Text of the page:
At 23, I read over my medical records for the first time and discovered that 8 years prior, my doctor had referred me for an autism assessment. This referral was rejected by the man in charge without even so much as taking the time to meet me. He “wasn’t convinced”. It’s difficult not to feel resentment towards this man when I consider how different the last 8 years might have been had he given me the time and consideration I deserved. I often wonder if I had been a 15-year-old boy with these difficulties instead of a 15-year-old girl, would that have inspired him to engage in more critical thought?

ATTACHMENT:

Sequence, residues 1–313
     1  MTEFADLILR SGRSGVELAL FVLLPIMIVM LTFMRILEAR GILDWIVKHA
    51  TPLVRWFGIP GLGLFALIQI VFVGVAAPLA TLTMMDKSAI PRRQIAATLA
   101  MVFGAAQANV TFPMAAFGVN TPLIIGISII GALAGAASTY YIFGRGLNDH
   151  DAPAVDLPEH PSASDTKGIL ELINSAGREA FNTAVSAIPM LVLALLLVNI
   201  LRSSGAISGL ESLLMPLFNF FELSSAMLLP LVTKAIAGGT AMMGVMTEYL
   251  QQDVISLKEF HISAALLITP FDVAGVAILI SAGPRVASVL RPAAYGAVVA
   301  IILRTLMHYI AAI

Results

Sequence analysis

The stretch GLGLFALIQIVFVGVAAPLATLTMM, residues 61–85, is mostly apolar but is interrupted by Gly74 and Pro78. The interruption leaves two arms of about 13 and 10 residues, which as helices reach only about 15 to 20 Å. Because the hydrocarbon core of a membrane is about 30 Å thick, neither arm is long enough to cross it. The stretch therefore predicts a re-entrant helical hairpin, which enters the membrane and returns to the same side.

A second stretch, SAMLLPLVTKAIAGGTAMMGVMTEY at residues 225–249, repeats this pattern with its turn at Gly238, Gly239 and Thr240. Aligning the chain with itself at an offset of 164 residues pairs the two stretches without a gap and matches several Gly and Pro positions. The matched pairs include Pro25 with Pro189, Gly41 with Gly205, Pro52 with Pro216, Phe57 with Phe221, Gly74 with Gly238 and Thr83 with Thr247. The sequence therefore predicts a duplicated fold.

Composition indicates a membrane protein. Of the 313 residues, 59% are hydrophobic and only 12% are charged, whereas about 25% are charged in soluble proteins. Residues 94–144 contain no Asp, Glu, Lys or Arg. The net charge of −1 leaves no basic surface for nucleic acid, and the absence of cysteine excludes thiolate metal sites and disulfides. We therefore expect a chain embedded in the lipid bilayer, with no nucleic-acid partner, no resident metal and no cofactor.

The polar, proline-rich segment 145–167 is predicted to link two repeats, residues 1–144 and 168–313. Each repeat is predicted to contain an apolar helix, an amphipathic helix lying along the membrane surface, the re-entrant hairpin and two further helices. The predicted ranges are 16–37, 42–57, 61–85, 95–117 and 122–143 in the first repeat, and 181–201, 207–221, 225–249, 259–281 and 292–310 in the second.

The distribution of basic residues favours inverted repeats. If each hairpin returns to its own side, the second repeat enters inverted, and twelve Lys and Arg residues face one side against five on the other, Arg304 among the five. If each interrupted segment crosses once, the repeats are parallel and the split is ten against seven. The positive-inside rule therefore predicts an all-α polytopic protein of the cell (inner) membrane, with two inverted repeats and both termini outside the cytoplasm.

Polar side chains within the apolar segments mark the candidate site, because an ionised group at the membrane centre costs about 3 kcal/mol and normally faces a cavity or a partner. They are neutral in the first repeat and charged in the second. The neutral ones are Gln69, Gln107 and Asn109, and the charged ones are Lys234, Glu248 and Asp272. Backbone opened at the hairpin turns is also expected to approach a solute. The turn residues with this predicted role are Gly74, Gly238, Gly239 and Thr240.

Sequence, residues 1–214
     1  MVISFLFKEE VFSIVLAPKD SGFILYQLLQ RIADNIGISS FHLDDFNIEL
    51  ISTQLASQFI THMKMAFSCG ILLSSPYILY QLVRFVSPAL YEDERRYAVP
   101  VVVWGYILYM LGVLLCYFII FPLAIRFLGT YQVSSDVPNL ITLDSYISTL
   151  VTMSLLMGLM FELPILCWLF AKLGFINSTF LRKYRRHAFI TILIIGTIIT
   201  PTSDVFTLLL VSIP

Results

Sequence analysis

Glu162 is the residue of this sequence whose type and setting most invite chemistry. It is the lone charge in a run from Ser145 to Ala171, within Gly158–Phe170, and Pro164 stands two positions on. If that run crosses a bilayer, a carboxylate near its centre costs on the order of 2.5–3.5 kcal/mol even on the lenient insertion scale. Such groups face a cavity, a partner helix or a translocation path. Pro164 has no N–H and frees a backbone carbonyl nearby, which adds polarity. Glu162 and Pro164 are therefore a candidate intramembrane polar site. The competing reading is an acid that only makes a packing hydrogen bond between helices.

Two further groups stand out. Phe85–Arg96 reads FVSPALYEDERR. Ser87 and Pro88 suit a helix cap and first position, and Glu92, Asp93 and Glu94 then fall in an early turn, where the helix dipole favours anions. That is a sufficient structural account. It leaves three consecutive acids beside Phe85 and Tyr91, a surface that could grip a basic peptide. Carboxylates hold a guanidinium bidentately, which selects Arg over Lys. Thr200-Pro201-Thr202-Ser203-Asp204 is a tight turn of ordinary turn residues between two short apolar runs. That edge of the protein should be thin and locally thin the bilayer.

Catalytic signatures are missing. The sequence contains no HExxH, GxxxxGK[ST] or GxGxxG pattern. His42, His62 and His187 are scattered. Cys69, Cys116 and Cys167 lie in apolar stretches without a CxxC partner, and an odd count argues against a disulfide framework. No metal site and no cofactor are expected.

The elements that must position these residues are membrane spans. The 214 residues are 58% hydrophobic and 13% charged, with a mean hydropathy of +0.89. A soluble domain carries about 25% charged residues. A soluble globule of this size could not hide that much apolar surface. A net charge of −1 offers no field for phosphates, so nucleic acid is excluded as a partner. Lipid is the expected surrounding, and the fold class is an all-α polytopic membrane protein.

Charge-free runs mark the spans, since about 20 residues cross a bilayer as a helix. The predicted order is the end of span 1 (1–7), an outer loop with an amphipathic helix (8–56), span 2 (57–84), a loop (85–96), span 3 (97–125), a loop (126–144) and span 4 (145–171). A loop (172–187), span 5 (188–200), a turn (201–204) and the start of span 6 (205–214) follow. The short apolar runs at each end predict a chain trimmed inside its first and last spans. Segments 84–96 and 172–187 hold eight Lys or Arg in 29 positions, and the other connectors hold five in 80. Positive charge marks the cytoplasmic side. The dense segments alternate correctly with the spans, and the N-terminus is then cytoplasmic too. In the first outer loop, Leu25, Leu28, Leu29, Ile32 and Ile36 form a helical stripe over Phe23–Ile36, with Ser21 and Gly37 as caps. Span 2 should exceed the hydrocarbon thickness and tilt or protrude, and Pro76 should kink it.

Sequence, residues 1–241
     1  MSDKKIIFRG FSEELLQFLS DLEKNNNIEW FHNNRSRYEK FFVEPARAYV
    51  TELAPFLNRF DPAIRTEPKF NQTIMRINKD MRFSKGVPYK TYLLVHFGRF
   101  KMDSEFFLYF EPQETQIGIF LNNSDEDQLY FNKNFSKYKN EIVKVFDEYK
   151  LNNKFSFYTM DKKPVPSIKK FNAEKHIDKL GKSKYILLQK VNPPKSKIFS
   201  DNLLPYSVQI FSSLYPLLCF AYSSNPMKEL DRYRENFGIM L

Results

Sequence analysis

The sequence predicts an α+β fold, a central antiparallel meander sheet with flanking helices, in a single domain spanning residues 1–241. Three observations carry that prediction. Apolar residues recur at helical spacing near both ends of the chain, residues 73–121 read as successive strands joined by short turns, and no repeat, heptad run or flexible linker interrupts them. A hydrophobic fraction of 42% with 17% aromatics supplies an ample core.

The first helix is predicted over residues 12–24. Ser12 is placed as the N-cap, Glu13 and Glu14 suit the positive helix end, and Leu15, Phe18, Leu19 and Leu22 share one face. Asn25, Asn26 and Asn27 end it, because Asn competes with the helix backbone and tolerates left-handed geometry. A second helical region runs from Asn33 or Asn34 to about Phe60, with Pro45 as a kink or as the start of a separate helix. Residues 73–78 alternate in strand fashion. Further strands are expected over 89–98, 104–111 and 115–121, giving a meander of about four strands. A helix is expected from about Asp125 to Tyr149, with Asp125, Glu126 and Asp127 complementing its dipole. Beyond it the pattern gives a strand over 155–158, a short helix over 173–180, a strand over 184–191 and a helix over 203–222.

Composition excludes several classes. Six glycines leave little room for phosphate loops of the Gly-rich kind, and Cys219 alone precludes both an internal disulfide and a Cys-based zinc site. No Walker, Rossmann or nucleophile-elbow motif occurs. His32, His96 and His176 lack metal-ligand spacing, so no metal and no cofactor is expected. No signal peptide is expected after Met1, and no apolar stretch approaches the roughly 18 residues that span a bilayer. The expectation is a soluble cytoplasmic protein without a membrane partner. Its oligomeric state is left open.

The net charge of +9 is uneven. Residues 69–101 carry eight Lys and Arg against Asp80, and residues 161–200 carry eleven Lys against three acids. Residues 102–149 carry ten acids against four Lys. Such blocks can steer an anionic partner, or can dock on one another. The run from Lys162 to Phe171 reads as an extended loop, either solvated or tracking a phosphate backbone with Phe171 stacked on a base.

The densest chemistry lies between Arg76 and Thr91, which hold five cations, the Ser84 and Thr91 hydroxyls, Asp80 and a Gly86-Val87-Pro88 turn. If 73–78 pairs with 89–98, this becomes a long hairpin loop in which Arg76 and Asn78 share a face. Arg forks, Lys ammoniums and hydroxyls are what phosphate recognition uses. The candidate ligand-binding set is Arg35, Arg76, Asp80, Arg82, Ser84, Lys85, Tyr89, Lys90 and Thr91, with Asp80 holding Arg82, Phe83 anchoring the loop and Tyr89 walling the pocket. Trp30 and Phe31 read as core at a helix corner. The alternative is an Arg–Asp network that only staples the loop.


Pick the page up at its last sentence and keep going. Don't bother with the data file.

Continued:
Finally accessing this diagnosis has been the most truly liberating experience of my life and the person I have to thank for that, is myself. I found it, I researched it and I fought hard for it to be taken seriously. If I hadn’t, I would still be flailing around in those muddy waters, lost and alone. For the first time in my life, I understand myself and I am committed to authentically honouring my needs.
That is why, I beg you to reflect, before expressing outrage over self-declaration, or forcing your employees or colleagues through a degrading process to ‘perform’ their disability for you, just so that they can access basic support.